“I didn't know if he was alive”: Former child soldier reunited with family in South Sudan
19,000 children have been recruited into armed groups since the start of the conflict
A boy was rescued by aid workers after being forced to fight with an armed group in South Sudan. Then the search for his family began.
BENTIU, South Sudan – The boy* felt almost safe. His uniform of the last three years had been replaced by jeans and a bright orange football shirt. He stepped off the helicopter and took in the commotion at the airstrip, overwhelmed.
The boy was rescued by aid workers from a military outpost last year, and was placed in the care of UNICEF protection officer Franka David. The search for his family then began. David took the boy to a foster family, where he stayed while his relatives, if living, were traced.
David said the boy, who was quiet and shy, showed signs of trauma. “He’s still tired, and he’s hungry.” He was about to have his first home-cooked meal in years. The fact he survived for so long on the scorched battlefield was a miracle.
Children forced into armed groups
The boy is evidence of the horrors committed in Bentiu, a state capital in the oil-rich north of South Sudan, and the backdrop to some of the worst fighting since the civil war began in 2013.
Military recruitment is one of the greatest risks for children in the country. Some 19,000 children are estimated to have been recruited into armed groups where they are systematically mistreated.
“They are overworked. And they will be walking through the bush the whole night,” David said. “If they get sleepy, the soldiers will tell them to fetch water and cook. If they become tired, they will be punished. That's why most of them are scared. They are beaten, there is no food. If they are sick, no one treats them. No clothing, no education.”
During the past four and a half years, UNICEF has overseen the release of over 2,600 children from armed groups across the country, helping them to return to their families and communities.
Reuniting children with their families is further complicated by the mass displacement caused by the conflict. In and around Bentiu, the bloodshed has driven thousands from their homes to the sanctuary of an enormous camp, protected by razor wire and UN peacekeepers.
The Protection of Civilians site, or 'PoC', is roughly one square kilometre of red dirt on an arid, heat-soaked plain, and home to over 112,000 people. A thick coat of dust gives way to deep mud as the seasons come and go. The shelters are arranged in long rows, separated by dirt roads and drainage ditches.
A kilometre from the site, Bentiu township has changed hands between government and opposition troops several times during the conflict. Soldiers walk the tense streets, buildings are pock-marked with bullet holes and tanks sit quietly at strategic locations.
UNICEF is working both in and outside the site to support family reunification and provide psychosocial support. “When there is conflict, children are separated, they are exposed to risk. They are at their most vulnerable,” says David. “Children have a right to be at home and be cared for properly.”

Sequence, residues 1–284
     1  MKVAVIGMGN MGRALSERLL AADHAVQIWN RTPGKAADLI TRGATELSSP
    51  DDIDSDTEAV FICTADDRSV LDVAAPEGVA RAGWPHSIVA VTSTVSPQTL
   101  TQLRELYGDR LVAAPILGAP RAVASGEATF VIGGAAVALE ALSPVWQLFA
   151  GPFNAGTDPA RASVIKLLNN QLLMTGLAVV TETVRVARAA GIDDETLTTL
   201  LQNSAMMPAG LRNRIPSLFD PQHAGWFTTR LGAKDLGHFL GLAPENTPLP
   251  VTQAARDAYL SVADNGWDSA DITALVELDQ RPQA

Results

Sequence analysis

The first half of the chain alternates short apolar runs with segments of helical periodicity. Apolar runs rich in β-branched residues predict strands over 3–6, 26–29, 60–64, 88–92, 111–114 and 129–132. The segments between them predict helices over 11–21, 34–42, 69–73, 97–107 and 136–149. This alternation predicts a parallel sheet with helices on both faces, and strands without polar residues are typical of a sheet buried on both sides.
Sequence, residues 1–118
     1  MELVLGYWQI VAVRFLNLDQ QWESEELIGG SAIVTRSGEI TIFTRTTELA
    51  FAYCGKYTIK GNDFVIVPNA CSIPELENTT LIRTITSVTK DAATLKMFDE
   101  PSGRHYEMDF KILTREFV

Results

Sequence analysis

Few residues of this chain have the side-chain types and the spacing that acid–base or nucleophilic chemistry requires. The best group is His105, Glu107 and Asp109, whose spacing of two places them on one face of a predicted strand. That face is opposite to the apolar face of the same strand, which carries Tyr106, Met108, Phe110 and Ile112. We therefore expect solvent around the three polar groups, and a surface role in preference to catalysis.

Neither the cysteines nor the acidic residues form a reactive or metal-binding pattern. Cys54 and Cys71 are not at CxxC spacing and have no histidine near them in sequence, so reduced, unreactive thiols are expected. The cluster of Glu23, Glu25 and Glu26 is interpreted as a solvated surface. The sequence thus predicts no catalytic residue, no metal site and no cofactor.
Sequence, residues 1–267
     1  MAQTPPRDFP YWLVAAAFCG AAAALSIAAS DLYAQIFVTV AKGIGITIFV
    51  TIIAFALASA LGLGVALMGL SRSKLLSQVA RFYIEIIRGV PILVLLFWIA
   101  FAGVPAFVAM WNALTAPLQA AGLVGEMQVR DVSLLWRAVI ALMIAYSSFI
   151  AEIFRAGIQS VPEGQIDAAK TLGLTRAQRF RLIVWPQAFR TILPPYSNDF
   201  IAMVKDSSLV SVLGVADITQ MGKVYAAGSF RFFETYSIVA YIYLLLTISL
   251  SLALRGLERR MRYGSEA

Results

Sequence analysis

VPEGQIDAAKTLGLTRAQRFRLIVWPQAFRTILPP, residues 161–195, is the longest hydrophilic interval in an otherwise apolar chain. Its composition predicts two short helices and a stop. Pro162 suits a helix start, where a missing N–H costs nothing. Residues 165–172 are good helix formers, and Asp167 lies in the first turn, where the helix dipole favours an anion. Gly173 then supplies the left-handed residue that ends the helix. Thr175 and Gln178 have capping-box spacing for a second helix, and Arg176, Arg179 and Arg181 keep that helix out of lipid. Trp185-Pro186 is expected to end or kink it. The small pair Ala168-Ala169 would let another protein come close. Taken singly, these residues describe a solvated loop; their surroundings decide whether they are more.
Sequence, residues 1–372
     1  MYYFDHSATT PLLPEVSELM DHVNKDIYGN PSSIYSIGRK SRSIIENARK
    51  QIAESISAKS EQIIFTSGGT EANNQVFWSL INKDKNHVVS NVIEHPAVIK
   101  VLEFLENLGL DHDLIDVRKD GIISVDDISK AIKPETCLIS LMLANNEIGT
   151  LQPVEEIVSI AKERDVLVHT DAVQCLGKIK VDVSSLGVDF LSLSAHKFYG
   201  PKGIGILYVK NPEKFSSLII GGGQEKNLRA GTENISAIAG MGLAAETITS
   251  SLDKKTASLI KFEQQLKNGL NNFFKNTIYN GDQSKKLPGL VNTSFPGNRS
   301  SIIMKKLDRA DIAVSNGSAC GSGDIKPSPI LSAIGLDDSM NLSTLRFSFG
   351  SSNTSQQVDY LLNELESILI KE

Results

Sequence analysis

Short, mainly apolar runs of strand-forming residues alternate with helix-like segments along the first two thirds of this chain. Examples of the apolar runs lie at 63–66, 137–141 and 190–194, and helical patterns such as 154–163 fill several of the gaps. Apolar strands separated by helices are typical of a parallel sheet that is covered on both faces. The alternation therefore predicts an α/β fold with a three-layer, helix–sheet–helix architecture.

A family, reunited
The child from the airstrip spent just one night with the foster family before relatives were traced. His uncle, who helped raise the boy after his father died years earlier, was living in the PoC site along with the boy’s four siblings.
He learned from his uncle that his mother had died just a few months earlier, shortly after giving birth. His aunt, also in the camp, was breastfeeding and caring for the baby.
“I didn't know if he was alive,” the uncle said, overcome with joy. He explained that the boy had disappeared three years earlier, after leaving the site at night with friends to walk into Bentiu town. The family searched for him but found no trace. He had been taken by a military unit.
The shy boy finally knew he was safe. David gave him a change of clothes and a school bag containing exercise books and pencils. Caseworkers would continue to pay him and his family regular visits, to make sure that he received the psychosocial and educational support he needed.
But the full story of his time in the military and its longer term effects would remain unknown.
Since the start of the conflict in 2013, UNICEF has helped release over 2,600 children from armed groups, and supported their reintegration. With partners, UNICEF helps trace and reunify children with their families, provides psychosocial support, access to education, and vocational training and economic opportunities to released children. In targeted areas where child recruitment is known, UNICEF works to ensure that communities have access to safe water throughout the year to reduce population movement, as seasonal migration influences access to education and often contributes to inter-communal conflict.
In 2018, more than 800 children have been released from armed groups in South Sudan, including 210 who were released in Pibor on 17 May.
*name withheld to protect identity